book when he started those companies! Looking back, he now realizes that he made virtually every mistake that lies in wait for unsuspecting entrepreneurs mistakes that experienced ones generally avoid. From choosing a partner (not well!) to signing a licensing agreement (too favorable to the large company that licensed Prof. Barons technology), he made one serious error after another. Despite this, both companies survived and were protable, but how well might they have done if he had known how to avoid these mistakes? Well never know, but it seems possible that the answer is that these companies would have been much more successful. We mention these personal experiences here because they illustrate what we think is the real and lasting value of this bookone reason you may want to keep it on your bookshelf in the years ahead. In the pages that follow, we dont simply describe what entrepreneurs dohow they recognize opportunities, obtain nancing, start companies to exploit these opportunities, and so on. In addition, we will also try to indicate what, perhaps, they should be doing during each phase of the entrepreneurial process. In other words, we will try to tread the ne line between actual practicewhat goes on in the hectic and turbulent world entrepreneurs face each dayand steps that, according to the ndings of careful research, would be helpful to them in their efforts to start and run successful new ventures. For this reason, well cover many practices and activities that entrepreneurs do not always recognize and adopt but which, we believe, can be highly benecial. For instance, research ndings suggest that entrepreneurs who engage in such activities as performing a careful feasibility analysis (a preliminary evaluation of a business idea to determine whether it seems worth pursuing; see Chapter 3), developing clear business models (a companys plans for how it will compete, use its resources, deal with customers, and generate prots; see Chapter 7), and engaging in careful competitor analysis (detailed analysis of a companys competitors, as an initial step in planning how to gain competitive advantages over them; see Chapter 4) are more likely to succeed than those who do not.14 Sad to say, Professor Baron did not perform these activities when he started his own companies, and he is now convinced that not doing so had negative consequences for the success of these new ventures. In short, after reading this book and making the concepts and ideas it presents your own, you will, we rmly believe, be much better prepared to meet the challenges of starting a new venture than was true for Prof. Baron and perhaps a majority of all rst-time entrepreneurs. So no, we denitely do not have all the answers, at least not perfect or complete ones; the eld of entrepreneurship is still too young for that. But we can offer advice for actions and procedures that will help tip the balance in your favor as an entrepreneur. So please read on; the new ventures that benet will be your own!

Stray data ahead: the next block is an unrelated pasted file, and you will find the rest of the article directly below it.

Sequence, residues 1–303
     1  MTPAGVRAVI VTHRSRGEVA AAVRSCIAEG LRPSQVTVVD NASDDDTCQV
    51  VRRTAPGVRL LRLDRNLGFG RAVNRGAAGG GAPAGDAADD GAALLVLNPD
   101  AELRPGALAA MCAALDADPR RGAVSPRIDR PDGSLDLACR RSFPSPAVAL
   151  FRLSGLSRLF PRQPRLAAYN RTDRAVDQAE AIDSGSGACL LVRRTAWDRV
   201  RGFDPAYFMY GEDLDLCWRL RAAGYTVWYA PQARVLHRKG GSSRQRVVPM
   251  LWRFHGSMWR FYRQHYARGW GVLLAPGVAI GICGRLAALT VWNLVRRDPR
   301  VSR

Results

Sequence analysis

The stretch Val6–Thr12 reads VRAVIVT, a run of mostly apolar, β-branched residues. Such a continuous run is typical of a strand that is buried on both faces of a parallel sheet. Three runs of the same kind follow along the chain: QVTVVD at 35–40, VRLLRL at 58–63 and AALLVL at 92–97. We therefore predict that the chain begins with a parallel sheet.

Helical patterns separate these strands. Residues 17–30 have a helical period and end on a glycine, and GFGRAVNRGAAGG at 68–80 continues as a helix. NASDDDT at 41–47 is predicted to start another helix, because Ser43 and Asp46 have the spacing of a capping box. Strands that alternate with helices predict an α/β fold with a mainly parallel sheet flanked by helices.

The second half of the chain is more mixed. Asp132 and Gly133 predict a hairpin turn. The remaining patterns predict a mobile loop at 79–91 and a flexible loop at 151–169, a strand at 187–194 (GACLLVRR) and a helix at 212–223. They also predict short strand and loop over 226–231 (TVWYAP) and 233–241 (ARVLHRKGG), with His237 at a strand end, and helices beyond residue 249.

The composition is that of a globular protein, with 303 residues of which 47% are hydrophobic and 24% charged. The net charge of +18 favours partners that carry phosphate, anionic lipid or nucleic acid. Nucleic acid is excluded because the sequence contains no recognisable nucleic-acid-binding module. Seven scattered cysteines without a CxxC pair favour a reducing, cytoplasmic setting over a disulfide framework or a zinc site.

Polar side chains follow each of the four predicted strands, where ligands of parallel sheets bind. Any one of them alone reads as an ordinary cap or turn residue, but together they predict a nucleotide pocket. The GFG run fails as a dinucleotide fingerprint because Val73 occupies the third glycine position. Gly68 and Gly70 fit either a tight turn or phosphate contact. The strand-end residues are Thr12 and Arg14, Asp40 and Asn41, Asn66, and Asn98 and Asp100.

n

KEY POINTS

Entrepreneurship, as a eld of business, seeks to understand how opportunities to create something new (new products or services, new markets, new production processes or raw materials, new ways of organizing existing technologies) arise and are discovered or created by specic individuals, who then use various means to exploit or develop them, thus producing a wide range of effects. In recent years, the allure of entrepreneurship has increased, with the result that more people than ever before are choosing this activity as a career.

Entrepreneurship, as a branch of business, has important roots in economics, behavioral science, and sociology. The eld of entrepreneurship recognizes that both the micro perspective (which focuses on the behavior and thoughts of individuals) and the macro perspective (which focuses primarily on environmental factors) are important for obtaining a full understanding of the entrepreneurial process. This book will do more than describe what entrepreneurs do (common practice); it will go further and describe actions and procedures entrepreneurs can perform to increase the likelihood that their companies will succeed.

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CHAPTER 1 Entrepreneurship: A Field, an Activity, and a Way of Life 13